Is there not stirring within the cross a call, a debt owed, calls of those alive, those whose memory haunts us to pay their lives forward, honouring life by responding, responding to life’s call, honouring others cry for justice, compassion, and respect and is this not the impossible possibility of salvation, redemption’s call laid upon our hearts, a redemption perhaps borne by our shouldering the cross?

Is not his death a messianic call to us to risk life’s vocational conversion to hear and respond to other voices, those lost and left, those voices inside and out?

Is not his death a messianic call to attend to the cries of those before us, those dead, those alive?

Is not his death a cry, a magnification of the sinfulness of every unjust death and in that cry, that call, is not sanctification astir?

Is there not within his death – life, his life stirring within our lives, within the life of the world, life inviting us, luring, haunting us to shoulder the cross?

Is not the way of the cross the glory of the way not the way to glory?

Is not the crucifixion an elegy sung to the living, a lament, luring longings for life?

Truth to tell, if the death of Yeshua bar Yoseph is redemptive, it is so in that it surprises, it interrupts life, business as usual, redemptive in that it is a call to make justice flow like a river and not be dammed, jammed up by defeat.

Jesus’ death is more a prophetic ‘no’, more a prophetic call than a sacrificial exchange buying heavenly rewards, a call laying an unconditional claim upon us.

In the invitation to shoulder the cross is there not an invitation to make ourselves worthy of the event stirring within?

Truth to tell, death is a difficulty but not a punishment, life is difficult but not a trial to be endured.

Mortality is not a problem to overcome; it is what it is – that condition which gives life its meaning, beauty, poignancy, its intensity. We have opportunity to affirm life unconditionally, responding to unconditional calls inviting, haunting as did Jesus in forgiving those who killed him (see Luke 23:24).

In embracing his death in manner which does not betray his life, Yeshua responds to the event stirring within calls, calls inviting this living fully unto death, in Eckhart’s language, this living without a why.

Mortality is a human condition, the condition under which we have opportunity to make decisions of substance, that response to a promise without compromise, loving because love – loves, tapping into those deep structures of the unconditional within inescapable conditions, the complexities, of the world – ‘father forgive for they know not what they do’.

That everything ends, gives poignancy to life and perhaps, just perhaps, we may lean into unconditional calls, taking the risk of sorting out what is an unconditional amid life’s conditions, making decisions, shouldering the cross, decisions for justice calling, freedom calling, forgiveness and reconciliation calling, love and life calling.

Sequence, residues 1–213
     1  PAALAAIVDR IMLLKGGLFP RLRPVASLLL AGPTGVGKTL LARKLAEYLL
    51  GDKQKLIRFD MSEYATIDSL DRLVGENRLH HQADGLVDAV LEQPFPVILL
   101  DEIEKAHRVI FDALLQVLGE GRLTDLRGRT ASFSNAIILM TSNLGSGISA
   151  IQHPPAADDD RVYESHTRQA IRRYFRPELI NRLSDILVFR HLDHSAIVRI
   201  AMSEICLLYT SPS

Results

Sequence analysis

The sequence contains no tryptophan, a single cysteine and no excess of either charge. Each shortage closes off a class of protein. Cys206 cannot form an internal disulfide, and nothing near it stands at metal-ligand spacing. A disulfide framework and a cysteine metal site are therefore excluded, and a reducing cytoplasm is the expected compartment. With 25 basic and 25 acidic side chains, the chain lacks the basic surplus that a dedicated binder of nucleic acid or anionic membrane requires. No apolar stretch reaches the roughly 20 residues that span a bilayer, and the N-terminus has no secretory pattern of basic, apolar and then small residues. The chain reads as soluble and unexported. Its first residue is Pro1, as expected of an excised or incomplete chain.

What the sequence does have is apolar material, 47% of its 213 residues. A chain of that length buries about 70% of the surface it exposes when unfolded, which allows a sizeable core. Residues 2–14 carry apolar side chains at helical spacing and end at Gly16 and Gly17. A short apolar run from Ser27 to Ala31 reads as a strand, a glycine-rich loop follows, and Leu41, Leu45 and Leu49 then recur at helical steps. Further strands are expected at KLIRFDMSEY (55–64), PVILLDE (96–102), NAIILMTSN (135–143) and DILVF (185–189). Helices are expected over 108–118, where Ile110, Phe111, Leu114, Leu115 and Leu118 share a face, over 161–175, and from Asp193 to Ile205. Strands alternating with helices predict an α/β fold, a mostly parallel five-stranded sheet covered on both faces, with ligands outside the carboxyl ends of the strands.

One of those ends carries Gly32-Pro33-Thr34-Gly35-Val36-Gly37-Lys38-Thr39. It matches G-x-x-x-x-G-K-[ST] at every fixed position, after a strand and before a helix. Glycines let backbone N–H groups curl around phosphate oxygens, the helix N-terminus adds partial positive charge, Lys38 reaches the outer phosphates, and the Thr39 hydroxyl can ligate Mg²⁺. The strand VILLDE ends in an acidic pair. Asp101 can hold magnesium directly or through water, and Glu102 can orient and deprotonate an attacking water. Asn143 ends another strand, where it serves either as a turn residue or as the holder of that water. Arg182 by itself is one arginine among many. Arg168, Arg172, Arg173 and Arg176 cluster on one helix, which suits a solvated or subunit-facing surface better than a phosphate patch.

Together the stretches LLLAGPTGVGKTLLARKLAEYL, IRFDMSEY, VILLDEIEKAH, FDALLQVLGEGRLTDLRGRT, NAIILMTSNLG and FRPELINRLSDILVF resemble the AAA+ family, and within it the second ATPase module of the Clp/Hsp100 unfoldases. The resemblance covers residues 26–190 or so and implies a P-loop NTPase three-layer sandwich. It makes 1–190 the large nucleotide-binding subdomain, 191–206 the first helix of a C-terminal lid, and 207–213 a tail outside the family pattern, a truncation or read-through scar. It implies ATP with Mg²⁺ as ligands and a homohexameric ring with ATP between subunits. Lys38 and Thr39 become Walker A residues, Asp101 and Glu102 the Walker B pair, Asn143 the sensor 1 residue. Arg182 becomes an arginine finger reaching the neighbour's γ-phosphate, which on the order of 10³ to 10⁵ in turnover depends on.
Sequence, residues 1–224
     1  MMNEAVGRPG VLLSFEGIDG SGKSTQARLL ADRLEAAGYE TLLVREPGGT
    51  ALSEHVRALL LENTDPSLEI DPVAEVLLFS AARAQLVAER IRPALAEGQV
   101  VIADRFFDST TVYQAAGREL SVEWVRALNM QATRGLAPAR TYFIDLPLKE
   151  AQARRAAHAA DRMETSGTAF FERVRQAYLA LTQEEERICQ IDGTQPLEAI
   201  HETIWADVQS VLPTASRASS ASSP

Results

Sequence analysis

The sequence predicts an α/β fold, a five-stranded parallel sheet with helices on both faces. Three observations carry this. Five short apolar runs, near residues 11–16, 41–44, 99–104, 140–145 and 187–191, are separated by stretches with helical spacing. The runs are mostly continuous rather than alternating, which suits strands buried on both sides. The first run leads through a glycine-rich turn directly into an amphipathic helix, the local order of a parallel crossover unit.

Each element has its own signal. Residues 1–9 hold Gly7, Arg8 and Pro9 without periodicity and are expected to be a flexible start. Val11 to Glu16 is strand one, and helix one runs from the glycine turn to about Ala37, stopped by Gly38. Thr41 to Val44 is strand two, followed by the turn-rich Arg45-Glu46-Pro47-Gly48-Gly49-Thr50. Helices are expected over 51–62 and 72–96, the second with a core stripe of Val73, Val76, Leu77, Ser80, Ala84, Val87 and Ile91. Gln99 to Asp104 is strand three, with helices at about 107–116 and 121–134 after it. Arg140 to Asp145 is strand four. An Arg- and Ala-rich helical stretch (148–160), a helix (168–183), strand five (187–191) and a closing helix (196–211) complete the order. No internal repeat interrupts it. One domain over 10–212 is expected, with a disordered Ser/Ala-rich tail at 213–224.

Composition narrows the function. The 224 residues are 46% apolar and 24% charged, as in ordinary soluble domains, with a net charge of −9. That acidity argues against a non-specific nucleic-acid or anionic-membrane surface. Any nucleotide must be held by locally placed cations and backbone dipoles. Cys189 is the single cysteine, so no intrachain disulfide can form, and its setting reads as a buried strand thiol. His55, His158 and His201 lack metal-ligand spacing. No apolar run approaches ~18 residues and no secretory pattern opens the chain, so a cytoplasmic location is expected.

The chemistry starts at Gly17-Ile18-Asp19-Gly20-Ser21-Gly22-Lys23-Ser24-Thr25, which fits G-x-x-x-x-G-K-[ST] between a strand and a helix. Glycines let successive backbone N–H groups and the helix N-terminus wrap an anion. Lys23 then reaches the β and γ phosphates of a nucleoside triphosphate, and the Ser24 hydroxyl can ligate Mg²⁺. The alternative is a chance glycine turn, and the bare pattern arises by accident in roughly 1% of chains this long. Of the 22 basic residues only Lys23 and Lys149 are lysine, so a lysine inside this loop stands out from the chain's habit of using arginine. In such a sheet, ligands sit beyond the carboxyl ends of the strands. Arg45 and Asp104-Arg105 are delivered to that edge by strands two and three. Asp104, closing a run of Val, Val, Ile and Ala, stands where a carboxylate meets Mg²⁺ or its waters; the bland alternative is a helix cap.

Yet remember, the cross is not magic, shouldering the cross is not easy. The call to take up the cross does not itself alter the world, it calls for alteration, the call does not call off the difficulty, it calls out the difficulty. ²

There is risk, failure looms large, dark nights haunt – my god, my god, why have you forsaken me? – god, god may have absconded, our awareness, our sense of god may have slipped away and we will be faced with an existential crisis yet a time of dangerous opportunity – will we love, work, despite doubt, despite our beliefs being crucified?

Are we willing to raise the stakes, taking seriously the event stirring within the cross, making ourselves worthy of the cross, risking taking it up, acknowledging fears and anxieties, taking life seriously, life embedded in time and flesh with horror and hope, suffering and glory, its fellow travellers?

The issue stirring within the cross is not a life of difficulty but a life without, to echo Johannes Climacus.

This is a radical response to the cross, to the event stirring within and, within call and response is not sanctification astir?

So perhaps, it is time to awake – see Ephesians 5:14 – or at least time to seriously try to be present –

Peter, are you asleep? – present to context, to what is going on within, around us…

The event stirring within the cross of Jesus is one spooking us, calling us to take seriously taking up the cross. In his death on the cross, Jesus is an ‘icon’ of the crucified of history, a dangerous memory, an invitation for us to remember those dismembered by history, those ground down by the groaning of creation.³ In so remembering, in responding to events astir within, is not sanctification astir within our response, is not salvation, the promise, the hope of salvation pressing in, haunting, as we take up the cross in trembling hands?

We proclaim Christ crucified, a stumbling block to some and foolishness to others.                                    

(1 Corinthians1:23, paraphrased)

 ¹ John Caputo, Cross and Cosmos: A Theology of Difficult Glory, (Indiana University Press, 2019) p. 84.

 ² Ibid, p. xiv.

 ³ See Romans 8:32.